“Advances in synthetic biology occupy an increasing place in our understanding of the fundamental principles of living things”

Flames. “Synthetic biology. “By its name, evoking an ambition to create life from scratch, this discipline seems likely to arouse all fantasies. Synthesize the living, for what? Become master of his creature, like the myths of the Golem or the sorcerer’s apprentice? What guarantees that this emanation does not escape potential Dr Frankensteins? But behind these too hasty caricatures, the objectives set by researchers in this field are much less sacrilegious.

Certainly, technological prowess with high media potential is one of the keys to the success of the field, often helped by a few small shortcuts in communication. An example ? In 2010, when the JCVI, an institute created by the pioneer of genetic sequencing J. Craig Venter, announced the birth of JCVI-syn1.0, the first microorganism whose genome had been fully synthesized in vitro, it is welcomed as the first synthetic organism.

However, only its genome, made up of 901 genes, is produced in the laboratory by following the genomic plans of the bacterium. Mycoplasma mycoides. However, beyond these announcement effects, advances in synthetic biology occupy an increasing place in our understanding of the fundamental principles of living things.

The basics necessary “for life”

Their main contribution consists in identifying the bases necessary for “life”: the capacity of an organism to maintain itself, to reproduce identically and, in the long term, to evolve according to a Darwinian model. The idea is not only to know the necessary and sufficient molecular components of living things, but also to ensure that they work together, and to determine the minimum frame.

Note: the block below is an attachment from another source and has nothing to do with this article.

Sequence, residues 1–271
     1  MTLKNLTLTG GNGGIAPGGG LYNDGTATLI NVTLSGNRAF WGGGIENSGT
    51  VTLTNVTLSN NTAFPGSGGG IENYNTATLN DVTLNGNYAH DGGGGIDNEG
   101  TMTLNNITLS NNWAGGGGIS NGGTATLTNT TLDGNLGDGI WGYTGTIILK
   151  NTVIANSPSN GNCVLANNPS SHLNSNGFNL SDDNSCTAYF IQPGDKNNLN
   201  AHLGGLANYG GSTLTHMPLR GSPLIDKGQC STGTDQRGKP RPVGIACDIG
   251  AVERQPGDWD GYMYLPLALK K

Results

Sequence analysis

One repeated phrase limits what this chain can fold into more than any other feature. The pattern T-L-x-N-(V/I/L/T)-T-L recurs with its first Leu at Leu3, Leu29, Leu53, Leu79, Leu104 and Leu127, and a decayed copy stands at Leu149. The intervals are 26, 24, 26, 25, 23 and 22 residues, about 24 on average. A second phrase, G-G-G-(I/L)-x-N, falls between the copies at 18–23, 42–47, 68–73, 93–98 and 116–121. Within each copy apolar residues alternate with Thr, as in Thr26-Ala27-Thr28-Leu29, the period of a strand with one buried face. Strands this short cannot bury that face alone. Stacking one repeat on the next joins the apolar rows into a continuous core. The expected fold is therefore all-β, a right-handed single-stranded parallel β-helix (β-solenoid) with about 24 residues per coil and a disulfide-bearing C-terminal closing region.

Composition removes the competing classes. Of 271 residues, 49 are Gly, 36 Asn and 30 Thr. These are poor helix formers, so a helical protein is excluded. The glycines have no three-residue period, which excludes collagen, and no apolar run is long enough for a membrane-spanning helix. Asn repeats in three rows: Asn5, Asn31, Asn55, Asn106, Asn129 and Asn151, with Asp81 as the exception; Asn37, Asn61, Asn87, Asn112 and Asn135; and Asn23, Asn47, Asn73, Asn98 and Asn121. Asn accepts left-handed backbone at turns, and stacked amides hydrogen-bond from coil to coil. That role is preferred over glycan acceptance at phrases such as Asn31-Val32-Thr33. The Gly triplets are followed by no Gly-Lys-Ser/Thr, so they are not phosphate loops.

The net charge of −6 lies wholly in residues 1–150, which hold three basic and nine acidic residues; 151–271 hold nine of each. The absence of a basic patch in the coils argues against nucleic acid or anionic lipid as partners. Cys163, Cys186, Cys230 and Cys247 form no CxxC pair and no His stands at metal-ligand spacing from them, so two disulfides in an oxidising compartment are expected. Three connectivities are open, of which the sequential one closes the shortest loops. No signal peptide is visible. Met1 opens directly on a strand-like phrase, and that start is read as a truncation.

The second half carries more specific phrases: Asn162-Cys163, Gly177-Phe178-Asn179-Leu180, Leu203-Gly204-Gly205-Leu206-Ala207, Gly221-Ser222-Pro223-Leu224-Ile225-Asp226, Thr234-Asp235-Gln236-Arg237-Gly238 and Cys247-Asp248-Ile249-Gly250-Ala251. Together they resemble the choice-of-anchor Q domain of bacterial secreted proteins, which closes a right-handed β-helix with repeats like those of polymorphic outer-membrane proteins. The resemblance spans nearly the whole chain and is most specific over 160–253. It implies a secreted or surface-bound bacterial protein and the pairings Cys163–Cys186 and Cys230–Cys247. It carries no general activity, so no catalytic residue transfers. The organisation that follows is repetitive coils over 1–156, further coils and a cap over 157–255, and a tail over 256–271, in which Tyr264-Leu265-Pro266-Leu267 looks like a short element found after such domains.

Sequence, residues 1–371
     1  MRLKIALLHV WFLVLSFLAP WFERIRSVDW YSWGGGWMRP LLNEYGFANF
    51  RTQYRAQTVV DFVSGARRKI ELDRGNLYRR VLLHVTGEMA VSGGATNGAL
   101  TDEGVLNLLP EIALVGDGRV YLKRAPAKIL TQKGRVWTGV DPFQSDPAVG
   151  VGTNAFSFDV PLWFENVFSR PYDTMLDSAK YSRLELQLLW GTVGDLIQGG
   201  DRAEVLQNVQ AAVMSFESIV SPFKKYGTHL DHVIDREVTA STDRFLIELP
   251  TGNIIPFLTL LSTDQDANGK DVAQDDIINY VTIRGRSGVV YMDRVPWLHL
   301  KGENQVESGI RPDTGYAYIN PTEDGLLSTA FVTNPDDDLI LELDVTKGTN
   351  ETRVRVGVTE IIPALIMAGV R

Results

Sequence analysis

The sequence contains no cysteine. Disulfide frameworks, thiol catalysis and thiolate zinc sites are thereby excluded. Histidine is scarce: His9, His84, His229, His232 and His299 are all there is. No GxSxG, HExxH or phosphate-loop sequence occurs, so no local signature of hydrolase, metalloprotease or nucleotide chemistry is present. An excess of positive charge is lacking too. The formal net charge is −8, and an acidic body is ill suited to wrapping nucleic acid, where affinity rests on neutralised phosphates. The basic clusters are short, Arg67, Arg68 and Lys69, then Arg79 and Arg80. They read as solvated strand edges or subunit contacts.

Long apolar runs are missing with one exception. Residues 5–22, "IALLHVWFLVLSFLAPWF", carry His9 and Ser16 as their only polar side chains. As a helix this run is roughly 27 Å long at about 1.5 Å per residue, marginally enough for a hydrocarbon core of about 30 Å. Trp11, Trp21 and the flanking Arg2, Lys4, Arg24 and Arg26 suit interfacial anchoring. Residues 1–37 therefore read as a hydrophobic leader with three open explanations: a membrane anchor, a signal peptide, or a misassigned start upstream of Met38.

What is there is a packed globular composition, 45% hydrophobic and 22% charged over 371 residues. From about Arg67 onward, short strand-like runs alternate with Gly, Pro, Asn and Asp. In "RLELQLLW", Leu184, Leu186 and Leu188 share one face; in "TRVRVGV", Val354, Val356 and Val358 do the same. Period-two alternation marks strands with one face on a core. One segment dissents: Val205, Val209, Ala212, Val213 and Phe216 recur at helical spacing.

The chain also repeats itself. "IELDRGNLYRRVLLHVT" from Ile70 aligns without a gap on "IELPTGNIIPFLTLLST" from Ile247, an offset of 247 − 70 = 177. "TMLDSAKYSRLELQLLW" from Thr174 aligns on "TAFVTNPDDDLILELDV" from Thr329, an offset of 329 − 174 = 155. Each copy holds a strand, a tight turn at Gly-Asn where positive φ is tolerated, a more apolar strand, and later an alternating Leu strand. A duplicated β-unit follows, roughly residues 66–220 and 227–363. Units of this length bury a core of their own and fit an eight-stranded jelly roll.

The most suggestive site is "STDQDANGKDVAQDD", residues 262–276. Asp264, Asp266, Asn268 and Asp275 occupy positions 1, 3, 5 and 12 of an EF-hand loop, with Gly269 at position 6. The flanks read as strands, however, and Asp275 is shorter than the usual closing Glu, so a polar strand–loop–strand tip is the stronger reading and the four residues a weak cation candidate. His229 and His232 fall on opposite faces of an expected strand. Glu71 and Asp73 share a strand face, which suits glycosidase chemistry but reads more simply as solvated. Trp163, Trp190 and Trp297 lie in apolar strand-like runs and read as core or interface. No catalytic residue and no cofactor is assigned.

Read also Can we “biocontain” microorganisms?

In order to define the latter, the JCVI had, in 2016, stripped the prototype 1.0 of all the superfluous, by providing its successor JCVI-syn3.0 of a new synthetic genome reduced to 473 genes. However, this minimal microorganism remained imperfect. Instead of generating cells that are all identical, well separated from each other like 1.0, its division was poorly controlled, giving rise to aberrant morphologies, hazardous distribution of the genome, and very slow growth.

This flawed platform offered an ideal opportunity to search for the ingredients to reconstitute a division identical to that of 1.0, and thus to identify genes crucial for cell division in mycoplasmas. As she describes it in the newspaper Cell of March 29, the team proceeded in blocks, systematically replacing segments of the 1.0 genome with the corresponding segment of the 3.0 genome, in search of a portion that would disrupt division. The culprit was thus circumscribed to a segment of 76 genes which differed between the two microorganisms.

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“Advances in synthetic biology occupy an increasing place in our understanding of the fundamental principles of living things”

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